Why foods that are good for the planet are also good for your health

Eating more planet-friendly foods could help reduce the risk of death from cancer, heart disease, respiratory illnesses and neurodegenerative diseases.


Wholegrain cereals, fruit, vegetables, nuts and unsaturated oils are just some of the foods that can help reduce the carbon footprint of our diets while improving health, according to a new study.

Drawing on scientific literature on the subject, the authors of this research have established a new diet score called the “Planetary Health Diet Index (PHDI)”, which is based on both planet-friendly foods and those that promote better health.

The aim is to create a simple tool, “that policymakers and public health practitioners could use to develop strategies to improve public health and address the climate crisis,” explains a news release for the study.

“A sustainable dietary pattern should not only be healthy but also consistent within planetary boundaries for greenhouse gas emissions and other environmental parameters,” says researcher Linh Bui, MD, a PhD candidate in the Department of Nutrition at Harvard T.H. Chan School of Public Health.

The study was based on the EAT-Lancet reference diet, which takes into account the environmental impact of food production practices.

ALSO READ: 74-year-old Sandton bar gets a R2 mil modern make-over

Study reveals lower mortality risk with environmentally-friendly diets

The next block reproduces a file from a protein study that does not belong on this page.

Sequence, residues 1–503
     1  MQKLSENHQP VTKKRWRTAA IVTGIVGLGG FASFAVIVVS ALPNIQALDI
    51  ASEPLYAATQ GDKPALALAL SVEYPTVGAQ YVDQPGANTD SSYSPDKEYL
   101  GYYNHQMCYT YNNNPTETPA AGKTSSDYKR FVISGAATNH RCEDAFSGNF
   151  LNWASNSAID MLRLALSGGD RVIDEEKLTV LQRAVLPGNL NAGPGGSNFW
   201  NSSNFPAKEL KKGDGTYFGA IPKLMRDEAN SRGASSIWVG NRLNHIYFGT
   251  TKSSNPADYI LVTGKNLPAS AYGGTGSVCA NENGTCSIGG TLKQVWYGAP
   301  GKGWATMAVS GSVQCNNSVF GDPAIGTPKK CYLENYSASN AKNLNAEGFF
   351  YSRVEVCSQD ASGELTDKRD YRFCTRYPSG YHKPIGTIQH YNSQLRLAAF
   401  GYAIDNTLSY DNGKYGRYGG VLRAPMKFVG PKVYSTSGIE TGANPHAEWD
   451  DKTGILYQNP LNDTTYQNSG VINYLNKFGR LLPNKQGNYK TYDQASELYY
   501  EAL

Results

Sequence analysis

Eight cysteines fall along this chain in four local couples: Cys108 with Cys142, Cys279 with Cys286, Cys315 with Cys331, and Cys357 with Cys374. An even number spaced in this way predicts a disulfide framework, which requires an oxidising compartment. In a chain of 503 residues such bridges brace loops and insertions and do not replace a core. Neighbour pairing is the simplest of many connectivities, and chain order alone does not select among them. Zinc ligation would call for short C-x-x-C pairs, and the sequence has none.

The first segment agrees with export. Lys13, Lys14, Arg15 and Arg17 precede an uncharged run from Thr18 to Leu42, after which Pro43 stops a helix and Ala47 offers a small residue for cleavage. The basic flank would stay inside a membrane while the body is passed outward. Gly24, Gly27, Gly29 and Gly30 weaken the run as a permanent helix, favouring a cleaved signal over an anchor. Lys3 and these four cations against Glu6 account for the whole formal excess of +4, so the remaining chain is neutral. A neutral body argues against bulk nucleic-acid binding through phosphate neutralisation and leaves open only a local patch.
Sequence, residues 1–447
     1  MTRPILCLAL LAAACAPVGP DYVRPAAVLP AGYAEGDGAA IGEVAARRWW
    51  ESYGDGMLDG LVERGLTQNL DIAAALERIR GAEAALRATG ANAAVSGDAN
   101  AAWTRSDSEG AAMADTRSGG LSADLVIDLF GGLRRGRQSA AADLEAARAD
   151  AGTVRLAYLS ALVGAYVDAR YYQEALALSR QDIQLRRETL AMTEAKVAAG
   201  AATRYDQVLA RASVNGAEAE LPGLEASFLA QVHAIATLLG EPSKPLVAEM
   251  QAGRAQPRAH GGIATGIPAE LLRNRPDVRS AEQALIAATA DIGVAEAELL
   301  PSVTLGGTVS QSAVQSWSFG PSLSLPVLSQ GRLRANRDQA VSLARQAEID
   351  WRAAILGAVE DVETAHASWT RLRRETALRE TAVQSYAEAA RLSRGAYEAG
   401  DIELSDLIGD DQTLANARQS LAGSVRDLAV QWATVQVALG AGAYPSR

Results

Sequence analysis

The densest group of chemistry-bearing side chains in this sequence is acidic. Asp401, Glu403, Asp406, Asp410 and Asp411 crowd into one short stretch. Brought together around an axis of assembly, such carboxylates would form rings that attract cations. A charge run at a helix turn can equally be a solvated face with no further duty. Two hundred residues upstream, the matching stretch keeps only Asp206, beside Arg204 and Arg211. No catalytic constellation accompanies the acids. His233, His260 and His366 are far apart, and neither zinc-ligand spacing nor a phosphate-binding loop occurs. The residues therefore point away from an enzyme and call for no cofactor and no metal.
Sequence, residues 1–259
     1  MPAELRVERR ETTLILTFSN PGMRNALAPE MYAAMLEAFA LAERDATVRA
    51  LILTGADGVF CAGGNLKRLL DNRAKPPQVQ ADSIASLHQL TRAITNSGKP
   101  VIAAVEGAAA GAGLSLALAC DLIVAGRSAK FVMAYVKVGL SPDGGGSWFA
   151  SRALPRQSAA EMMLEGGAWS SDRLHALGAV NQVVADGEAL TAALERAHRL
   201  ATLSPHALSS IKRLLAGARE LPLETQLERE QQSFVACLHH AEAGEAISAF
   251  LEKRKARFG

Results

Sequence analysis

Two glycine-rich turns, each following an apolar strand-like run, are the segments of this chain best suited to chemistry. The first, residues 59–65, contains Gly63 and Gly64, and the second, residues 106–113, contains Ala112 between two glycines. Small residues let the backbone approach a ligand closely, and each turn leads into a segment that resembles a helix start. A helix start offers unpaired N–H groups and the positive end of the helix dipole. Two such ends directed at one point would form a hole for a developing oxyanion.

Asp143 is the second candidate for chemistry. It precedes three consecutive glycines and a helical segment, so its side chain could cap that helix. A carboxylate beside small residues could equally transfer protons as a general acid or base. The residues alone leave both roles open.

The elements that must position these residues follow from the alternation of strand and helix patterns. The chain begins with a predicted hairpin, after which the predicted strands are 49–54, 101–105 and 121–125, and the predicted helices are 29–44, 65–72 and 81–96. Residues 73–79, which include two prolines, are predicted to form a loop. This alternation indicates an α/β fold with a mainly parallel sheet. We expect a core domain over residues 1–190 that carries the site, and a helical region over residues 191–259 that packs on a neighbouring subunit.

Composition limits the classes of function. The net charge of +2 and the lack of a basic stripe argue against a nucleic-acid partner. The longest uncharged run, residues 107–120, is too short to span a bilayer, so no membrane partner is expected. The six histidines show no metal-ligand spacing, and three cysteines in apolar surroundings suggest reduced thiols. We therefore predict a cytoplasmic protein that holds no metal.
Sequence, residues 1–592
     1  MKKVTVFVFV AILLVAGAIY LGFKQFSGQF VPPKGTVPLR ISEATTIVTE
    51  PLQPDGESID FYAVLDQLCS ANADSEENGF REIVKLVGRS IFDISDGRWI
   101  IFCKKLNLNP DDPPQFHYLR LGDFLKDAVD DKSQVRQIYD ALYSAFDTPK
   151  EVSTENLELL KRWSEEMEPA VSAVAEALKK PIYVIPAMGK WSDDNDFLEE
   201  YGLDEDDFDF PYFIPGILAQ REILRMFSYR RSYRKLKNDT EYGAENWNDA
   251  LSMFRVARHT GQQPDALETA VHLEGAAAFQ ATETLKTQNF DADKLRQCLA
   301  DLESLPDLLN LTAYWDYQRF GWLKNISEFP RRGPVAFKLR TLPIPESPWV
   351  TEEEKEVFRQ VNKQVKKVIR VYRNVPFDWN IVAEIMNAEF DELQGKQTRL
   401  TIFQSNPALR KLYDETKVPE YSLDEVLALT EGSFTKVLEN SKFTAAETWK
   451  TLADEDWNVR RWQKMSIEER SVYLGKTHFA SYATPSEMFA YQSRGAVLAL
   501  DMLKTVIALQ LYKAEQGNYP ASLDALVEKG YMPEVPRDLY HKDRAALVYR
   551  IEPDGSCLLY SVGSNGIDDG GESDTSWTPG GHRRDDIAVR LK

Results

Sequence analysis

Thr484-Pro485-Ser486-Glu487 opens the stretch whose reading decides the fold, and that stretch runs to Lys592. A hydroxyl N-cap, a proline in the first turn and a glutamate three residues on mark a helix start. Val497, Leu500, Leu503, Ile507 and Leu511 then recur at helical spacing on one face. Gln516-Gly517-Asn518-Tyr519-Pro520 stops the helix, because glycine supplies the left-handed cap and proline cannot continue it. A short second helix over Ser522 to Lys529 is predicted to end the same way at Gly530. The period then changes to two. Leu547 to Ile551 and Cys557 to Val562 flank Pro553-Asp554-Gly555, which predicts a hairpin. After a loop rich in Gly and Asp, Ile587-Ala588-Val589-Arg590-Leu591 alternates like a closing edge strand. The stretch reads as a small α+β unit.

Results obtained from over 100,000 people who participated in two large cohort studies conducted in the United States were also taken into account.

According to the research led by Linh Bui, people who followed a more environmentally-friendly diet were 25% less likely to die over a follow-up period of more than 30 years, compared with those who regularly ate less environmentally-friendly foods such as eggs or red meat.

In detail, they found that higher PHDI scores were associated with a 15% lower risk of death from cancer or cardiovascular disease. The benefits were even greater for neurodegenerative and respiratory diseases, with a reduction in the risk of death estimated at 20% and 50% respectively.

The study findings were presented at the annual meeting of the American Society for Nutrition, held from July 22 to 25 in Boston.

Linh Bui points out, however, that the PHDI index does not necessarily reflect all food products and their relationships with all major diseases in all countries.

“People with specific health conditions, religious restrictions, or different food accessibility due to socioeconomic status or food availability may face challenges with adhering to a more sustainable diet pattern. Further research could help to elucidate and address such barriers,” researchers said.

NOW READ: Get ‘schooled’ in Cape Saint Blaize gin at the Gin School

Read more on these topics

cancer environment food Health meat vegetables

Access premium news and stories

Access to the top content, vouchers and other member only benefits